American Society of Civil Engineers


Energy-Efficient Approach to Cold-Weather Concreting


by Lynette A. Barna, (corresponding author), Aff.M.ASCE, (Research Civil Engineer, U.S. Army Engineer Research & Development Center, Cold Regions Research & Engineering Laboratory (CRREL), 72 Lyme Rd., Hanover, NH 03755-1290. E-mail: Lynette.A.Barna@usace.army.mil), Peter M. Seman, (Research Civil Engineer, U.S. Army Engineer Research & Development Center, Cold Regions Research & Engineering Laboratory (CRREL), 72 Lyme Rd., Hanover, NH 03755-1290. E-mail: Peter.M.Seman@usace.army.mil), and Charles J. Korhonen, Ph.D., P.E., (Consultant, ARCTIKOR, 17764 Tapiola Rd., Chassell, MI 49916-9402. E-mail: korhonenc@hotmail.com)

Journal of Materials in Civil Engineering, Vol. 23, No. 11, November 2011, pp. 1544-1551, (doi:  http://dx.doi.org/10.1061/(ASCE)MT.1943-5533.0000262)

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Document type: Journal Paper
Special Issue: Energy Efficient and Environmentally Friendly Paving Materials
Abstract: Conventional cold-weather concreting is expensive and very energy inefficient. Common practice requires artificial heating of the raw materials and the surrounding environment to create suitable curing conditions for normal concrete. Antifreeze concrete is a new approach to cold-weather concreting without the need for artificial heating. This saves time, money, and energy. The antifreeze concrete technology has been proven in numerous full-scale field demonstrations and is compatible with current concrete construction practices. A laboratory study established the practicality of using antifreeze concrete and developed the tools to mix and cure concrete in subfreezing temperatures. Eight candidate antifreeze formulations were developed in the laboratory and subjected to initial screening tests that showed they were capable of being workable, entraining air, and meeting the design freezing point. Performance testing showed that the strength gain when cured at -4° C is as good as conventional concrete cured at +5° C and that antifreeze mixtures can be made durable. High dosages of chemical admixture used in antifreeze concrete mixtures were not harmful to the concrete. It is recommended that agencies conduct testing on their own to become familiar with the antifreeze mixtures before widespread use.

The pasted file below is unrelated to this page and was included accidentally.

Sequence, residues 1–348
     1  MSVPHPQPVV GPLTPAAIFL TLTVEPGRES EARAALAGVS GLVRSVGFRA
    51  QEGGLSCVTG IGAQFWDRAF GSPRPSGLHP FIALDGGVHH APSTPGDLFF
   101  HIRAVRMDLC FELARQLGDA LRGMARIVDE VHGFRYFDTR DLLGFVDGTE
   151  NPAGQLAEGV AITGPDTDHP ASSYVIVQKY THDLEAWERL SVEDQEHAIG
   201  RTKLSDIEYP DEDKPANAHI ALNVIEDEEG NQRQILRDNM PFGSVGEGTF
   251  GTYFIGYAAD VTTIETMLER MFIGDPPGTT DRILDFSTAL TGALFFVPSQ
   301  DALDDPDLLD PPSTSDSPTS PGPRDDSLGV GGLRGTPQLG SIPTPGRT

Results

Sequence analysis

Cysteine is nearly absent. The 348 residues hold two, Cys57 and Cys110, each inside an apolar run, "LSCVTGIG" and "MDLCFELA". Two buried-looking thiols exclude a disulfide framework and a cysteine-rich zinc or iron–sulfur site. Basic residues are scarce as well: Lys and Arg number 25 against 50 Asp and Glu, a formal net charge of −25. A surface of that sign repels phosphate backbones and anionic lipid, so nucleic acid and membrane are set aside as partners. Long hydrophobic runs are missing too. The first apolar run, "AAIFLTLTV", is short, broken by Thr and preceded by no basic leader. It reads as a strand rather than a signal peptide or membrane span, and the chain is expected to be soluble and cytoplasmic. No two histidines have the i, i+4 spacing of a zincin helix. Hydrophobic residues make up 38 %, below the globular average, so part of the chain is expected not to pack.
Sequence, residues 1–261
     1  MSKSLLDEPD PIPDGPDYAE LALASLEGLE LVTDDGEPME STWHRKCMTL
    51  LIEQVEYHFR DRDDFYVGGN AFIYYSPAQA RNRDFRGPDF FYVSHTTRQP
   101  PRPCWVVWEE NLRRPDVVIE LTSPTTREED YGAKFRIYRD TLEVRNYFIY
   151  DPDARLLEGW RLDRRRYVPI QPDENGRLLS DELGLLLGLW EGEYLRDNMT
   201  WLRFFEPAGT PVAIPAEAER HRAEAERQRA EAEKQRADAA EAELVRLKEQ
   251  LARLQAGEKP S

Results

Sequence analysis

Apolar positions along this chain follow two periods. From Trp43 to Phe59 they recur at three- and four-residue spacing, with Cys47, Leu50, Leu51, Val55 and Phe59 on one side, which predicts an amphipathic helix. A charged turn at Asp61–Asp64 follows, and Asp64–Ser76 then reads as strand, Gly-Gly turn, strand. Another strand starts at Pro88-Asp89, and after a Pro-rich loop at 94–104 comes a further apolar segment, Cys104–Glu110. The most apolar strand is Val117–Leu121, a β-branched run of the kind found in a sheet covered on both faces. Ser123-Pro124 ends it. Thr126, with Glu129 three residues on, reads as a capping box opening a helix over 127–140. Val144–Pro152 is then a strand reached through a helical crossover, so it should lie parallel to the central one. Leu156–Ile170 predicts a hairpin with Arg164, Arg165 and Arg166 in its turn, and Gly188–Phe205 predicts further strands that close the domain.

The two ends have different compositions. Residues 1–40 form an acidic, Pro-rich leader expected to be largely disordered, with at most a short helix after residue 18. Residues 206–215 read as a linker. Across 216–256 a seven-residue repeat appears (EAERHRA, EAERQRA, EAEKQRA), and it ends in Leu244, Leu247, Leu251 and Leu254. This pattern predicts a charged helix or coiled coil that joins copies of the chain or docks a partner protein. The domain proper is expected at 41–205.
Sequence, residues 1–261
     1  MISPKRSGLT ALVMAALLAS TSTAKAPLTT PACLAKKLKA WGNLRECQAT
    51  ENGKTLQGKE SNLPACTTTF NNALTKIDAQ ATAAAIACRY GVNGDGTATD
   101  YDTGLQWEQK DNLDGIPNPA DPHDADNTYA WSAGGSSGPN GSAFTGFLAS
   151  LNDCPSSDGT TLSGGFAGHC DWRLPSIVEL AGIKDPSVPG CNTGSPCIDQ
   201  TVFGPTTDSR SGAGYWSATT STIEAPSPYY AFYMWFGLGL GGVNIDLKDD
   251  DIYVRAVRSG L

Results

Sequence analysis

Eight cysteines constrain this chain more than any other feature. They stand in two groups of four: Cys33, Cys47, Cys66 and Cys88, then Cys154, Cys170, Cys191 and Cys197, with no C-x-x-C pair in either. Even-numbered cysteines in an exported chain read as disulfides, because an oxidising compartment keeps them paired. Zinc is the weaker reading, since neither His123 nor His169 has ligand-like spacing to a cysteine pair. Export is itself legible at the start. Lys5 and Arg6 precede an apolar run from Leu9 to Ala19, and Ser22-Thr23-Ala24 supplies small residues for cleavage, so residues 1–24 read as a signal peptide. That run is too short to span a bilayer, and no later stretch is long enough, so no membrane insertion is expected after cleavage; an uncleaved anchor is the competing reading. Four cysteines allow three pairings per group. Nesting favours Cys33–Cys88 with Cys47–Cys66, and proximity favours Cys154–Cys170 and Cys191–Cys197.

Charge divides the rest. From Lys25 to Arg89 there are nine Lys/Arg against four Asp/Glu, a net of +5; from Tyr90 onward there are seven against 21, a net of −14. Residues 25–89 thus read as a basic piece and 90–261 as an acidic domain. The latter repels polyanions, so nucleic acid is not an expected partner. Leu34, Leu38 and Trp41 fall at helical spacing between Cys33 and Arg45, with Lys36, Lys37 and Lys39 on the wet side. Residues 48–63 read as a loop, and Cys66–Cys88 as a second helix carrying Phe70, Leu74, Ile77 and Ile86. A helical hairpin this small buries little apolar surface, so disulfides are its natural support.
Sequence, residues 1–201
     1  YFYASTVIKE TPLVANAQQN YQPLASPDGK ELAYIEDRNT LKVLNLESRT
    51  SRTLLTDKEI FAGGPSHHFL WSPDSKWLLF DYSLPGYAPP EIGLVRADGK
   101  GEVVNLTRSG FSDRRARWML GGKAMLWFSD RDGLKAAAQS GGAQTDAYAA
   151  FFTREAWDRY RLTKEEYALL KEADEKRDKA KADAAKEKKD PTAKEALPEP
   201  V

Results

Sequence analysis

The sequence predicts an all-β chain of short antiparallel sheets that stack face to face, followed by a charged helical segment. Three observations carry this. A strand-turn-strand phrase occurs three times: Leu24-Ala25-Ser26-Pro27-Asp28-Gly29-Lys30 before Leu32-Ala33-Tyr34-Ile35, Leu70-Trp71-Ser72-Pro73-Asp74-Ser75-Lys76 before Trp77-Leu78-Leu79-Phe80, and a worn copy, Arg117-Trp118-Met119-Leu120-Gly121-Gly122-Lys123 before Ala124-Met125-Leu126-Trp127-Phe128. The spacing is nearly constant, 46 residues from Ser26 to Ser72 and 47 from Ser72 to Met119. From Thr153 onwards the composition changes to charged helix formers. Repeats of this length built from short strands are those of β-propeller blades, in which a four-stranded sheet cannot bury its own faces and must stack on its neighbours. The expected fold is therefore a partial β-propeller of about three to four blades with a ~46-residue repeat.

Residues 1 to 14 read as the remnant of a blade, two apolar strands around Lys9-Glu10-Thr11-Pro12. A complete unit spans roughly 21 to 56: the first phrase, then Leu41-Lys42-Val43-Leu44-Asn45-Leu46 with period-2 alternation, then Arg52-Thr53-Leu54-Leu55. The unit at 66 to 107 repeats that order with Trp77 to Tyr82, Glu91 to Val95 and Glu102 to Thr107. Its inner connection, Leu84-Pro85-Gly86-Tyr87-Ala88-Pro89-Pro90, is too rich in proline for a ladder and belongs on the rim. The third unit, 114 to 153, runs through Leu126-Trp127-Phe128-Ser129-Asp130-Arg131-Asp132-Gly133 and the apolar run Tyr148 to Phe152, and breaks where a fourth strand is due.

ASCE Subject Headings:
Concrete
Portland cement
Concrete admixtures
Freezing
Freeze and thaw
Compressive strength

Author Keywords:
Cold-weather concrete
Portland cement
Concrete admixtures
Concrete freezing
Freeze-thaw durability
Compressive strength